An apparently identical part is shown on the official Worcester-Bosch Instruction Manual which accompanied the cylinder. This part, like ours does not appear to have the Sunvic designation but is otherwise identical. It is listed as: Two port valve part no: 8-716-113-410-0
From what I have said does it seem likely that the problems we are having could be caused by this control? And, so far as you are aware, is it possible that Sunvic are making these controls for Worcester Bosch? We have a 5 year extended guarantee on our system - which hopefully extends to the cylinder - the approved fitters we employed have since been taken over by another company who will accept no responsibility.
I am sorry to impose on you but we cannot get anyone else to look into this problem except at risk of incurring huge additional costs. We had rather hoped that this system would 'see us out' with a certain amount of comfort. Currently we are without heating. .
Thank you for any advice you may be able to offer
A quick search of the Internet shows these Sunvic valves being sold at high prices as spares for Worcester Bosch systems. Some are also badged as RANCO:
|Here is part of one advertisement for part
number 8-716-113-410-0 - with a price tag of £96!
These valves typically cost £35 to £40 at discount stores.The main part of the image is from a Worcester Bosch heating system manual. These boilers and systems may be well designed. But they are expensive and should be engineered for a long trouble free life - or else maintenance costs may outweigh the value of any possible energy saving.
Thank you for creating your website about the weaknesses of Sunvic 3 port valves.
My experiences are as follows: replaced a 15 year old 3 port valve about 6 years (April 2004) ago with a Sunvic valve purchased from B&Q. The electronics failed about 2.5 years later (Dec 2006) so I bought another complete valve from B&Q and installed the new actuator on the existing valve body. Old actuator head and new valve body stored in the garage.
Last month noticed the valve getting noisy; it could be heard turning when elsewhere in the house. On closer inspection also noticed a slight drip from the valve.
Removed the actuator and attempted to tighten the 4 screws that hold the valve plate to the valve body. Only one screw could be turned and then only slightly. Swapped actuator motors with the one from the previously removed actuator and the valve's quiet again. So the valve is dripping slightly - I'm debating whether to swap valve assemblies, swap complete valve bodies or buy a new brand of 3 port valve!
Thanks again for the resource - has been very useful.
Pulled your interesting article re: above rubbish actuators!
Have just removed mine its on perpetual revolving motion (limit switches not responding) this is the 2nd of these actuators I have installed on my system in the last 3yrs as you state in your valve failures precise " they are not the most reliable" I have strapped my system out at the moment doing a shared valve mid-position, at least it keeps HW and CH somewhat available!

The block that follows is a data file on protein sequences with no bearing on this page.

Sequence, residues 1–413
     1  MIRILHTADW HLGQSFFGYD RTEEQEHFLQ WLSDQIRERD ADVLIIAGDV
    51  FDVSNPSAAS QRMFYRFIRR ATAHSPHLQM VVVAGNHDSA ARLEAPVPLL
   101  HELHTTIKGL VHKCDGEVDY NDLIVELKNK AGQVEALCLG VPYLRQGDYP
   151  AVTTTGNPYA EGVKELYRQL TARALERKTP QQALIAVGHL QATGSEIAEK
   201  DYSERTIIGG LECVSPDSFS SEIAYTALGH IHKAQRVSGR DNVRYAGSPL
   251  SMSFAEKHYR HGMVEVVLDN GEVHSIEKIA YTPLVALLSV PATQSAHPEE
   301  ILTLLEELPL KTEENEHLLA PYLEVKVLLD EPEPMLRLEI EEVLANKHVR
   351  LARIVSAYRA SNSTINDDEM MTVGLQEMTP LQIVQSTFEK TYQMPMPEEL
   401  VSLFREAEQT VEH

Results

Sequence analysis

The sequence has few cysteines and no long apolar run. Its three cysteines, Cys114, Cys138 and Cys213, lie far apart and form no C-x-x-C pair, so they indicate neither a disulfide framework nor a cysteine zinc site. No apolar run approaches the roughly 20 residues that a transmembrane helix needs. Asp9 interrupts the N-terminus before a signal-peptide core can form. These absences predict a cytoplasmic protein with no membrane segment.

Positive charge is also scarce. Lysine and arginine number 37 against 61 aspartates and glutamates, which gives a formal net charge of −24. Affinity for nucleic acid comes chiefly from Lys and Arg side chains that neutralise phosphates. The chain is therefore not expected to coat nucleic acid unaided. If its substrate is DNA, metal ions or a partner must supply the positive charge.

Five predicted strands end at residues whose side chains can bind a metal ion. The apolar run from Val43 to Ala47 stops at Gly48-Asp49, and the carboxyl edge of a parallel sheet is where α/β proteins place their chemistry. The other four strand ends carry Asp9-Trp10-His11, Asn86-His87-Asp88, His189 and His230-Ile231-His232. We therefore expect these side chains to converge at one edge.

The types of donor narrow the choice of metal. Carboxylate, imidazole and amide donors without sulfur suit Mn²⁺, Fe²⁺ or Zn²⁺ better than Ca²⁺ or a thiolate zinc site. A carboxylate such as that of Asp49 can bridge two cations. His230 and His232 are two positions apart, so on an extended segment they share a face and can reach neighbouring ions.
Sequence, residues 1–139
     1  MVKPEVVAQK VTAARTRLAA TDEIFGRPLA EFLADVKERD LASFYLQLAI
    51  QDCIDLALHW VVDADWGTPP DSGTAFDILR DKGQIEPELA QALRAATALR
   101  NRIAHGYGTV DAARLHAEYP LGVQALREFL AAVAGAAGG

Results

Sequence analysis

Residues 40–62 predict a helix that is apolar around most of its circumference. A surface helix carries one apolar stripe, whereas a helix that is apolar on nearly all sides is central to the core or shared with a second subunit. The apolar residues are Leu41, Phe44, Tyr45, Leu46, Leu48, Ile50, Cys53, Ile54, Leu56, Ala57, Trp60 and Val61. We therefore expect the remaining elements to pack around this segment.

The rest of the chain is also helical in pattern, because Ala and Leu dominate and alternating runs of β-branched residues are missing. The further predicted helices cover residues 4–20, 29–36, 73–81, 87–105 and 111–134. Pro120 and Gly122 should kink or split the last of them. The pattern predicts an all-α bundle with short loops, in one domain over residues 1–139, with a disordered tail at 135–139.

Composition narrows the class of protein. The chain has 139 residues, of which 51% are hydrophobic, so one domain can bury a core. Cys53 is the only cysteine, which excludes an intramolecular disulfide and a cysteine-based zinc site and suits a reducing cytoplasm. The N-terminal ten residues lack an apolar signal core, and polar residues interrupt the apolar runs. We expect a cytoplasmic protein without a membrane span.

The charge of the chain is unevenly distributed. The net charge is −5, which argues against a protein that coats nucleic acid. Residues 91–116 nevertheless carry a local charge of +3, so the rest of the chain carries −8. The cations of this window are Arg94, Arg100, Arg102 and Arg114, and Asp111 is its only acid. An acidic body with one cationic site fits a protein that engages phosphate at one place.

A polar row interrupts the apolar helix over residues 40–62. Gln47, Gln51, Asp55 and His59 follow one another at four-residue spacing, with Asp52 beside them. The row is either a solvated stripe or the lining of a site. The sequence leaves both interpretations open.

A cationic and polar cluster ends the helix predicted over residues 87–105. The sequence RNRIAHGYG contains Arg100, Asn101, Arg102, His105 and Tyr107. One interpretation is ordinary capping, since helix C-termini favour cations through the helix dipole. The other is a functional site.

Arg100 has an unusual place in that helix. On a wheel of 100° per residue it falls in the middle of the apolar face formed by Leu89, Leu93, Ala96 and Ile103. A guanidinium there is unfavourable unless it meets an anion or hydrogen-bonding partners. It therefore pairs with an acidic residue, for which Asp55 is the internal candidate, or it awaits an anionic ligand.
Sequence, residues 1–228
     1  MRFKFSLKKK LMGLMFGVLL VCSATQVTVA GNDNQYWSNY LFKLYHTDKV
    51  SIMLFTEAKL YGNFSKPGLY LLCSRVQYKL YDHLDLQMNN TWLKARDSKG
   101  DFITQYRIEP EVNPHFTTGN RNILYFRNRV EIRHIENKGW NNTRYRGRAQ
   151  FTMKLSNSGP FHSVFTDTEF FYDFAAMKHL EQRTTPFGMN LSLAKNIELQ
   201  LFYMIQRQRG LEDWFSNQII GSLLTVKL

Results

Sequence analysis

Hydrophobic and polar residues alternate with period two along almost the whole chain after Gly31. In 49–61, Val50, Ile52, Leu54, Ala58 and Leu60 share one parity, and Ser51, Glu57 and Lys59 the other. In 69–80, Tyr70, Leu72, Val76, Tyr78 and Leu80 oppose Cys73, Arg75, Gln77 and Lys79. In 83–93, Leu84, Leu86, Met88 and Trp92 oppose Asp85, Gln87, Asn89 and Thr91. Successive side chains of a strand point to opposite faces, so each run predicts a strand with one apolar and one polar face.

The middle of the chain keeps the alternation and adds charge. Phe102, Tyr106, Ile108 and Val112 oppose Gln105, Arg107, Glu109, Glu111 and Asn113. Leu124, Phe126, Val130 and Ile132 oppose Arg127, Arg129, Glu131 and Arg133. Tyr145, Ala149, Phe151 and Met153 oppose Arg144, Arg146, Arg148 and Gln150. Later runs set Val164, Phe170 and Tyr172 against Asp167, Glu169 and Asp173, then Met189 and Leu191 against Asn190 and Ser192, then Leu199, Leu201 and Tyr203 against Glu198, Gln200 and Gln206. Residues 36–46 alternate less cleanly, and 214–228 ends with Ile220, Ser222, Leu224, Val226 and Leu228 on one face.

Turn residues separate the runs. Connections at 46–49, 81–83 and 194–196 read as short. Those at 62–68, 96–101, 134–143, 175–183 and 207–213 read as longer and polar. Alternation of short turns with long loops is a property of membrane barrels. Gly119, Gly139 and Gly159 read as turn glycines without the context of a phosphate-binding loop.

I had thought about going back to a spring return Honeywell when the cold snap dissipates somewhat, may still do that! In the meantime note you offer a repair service for these rubbish actuators (this last one has only been in service 18 months) would appreciate further info and and an address to send it to for repair.
Thanks for looking at this unit. To be honest my heating is a nightmare. It is a new build house completed in 2004 with underfloor heating upstairs and down.
We had an actuator fail (short circuit) in the downstairs system after about 12 months, the builders sent an electrician to sort it out as the original installer was not available. He didn't seem to know what he was doing and all he did do was blow up the controller in the upstairs circuit.
It would appear that this is when the damage occurred to the 1801 I sent to you. The original installer then was able to attend and trace the fault to the valve actuator downstairs. He didn't have a replacement but left that circuit isolated so we could have the heating on.
He then replaced the upstairs controller and the 1801. 5 years later I started to get problems again, the breaker started to trip, then the controller went dead, so I got a new one which lasted 2 weeks. I then bypassed the controller feeding the upstairs heating and water with the 1801 removed.
The heating now worked so I concluded the 1801 had failed again. Rather than totally remove the 1801, I sent you the original that failed, not realising the catastrophic failure that had occurred so that if you were able to repair it I would only have to replace it and be back in business.
My wife has just called me to say the breaker has tripped again. It seems I have got major problems and if you think it is worth it I will send you the extra money to repair my 1801 so at least I will have a good unit to fall back on. Please let me know what you think.
I will need to try and find a competent heating engineer to get to the bottom of the overload.
Thanks very much for your work so far and I'll wait for your advice.
back to main Sunvic page
back to SeeRed home page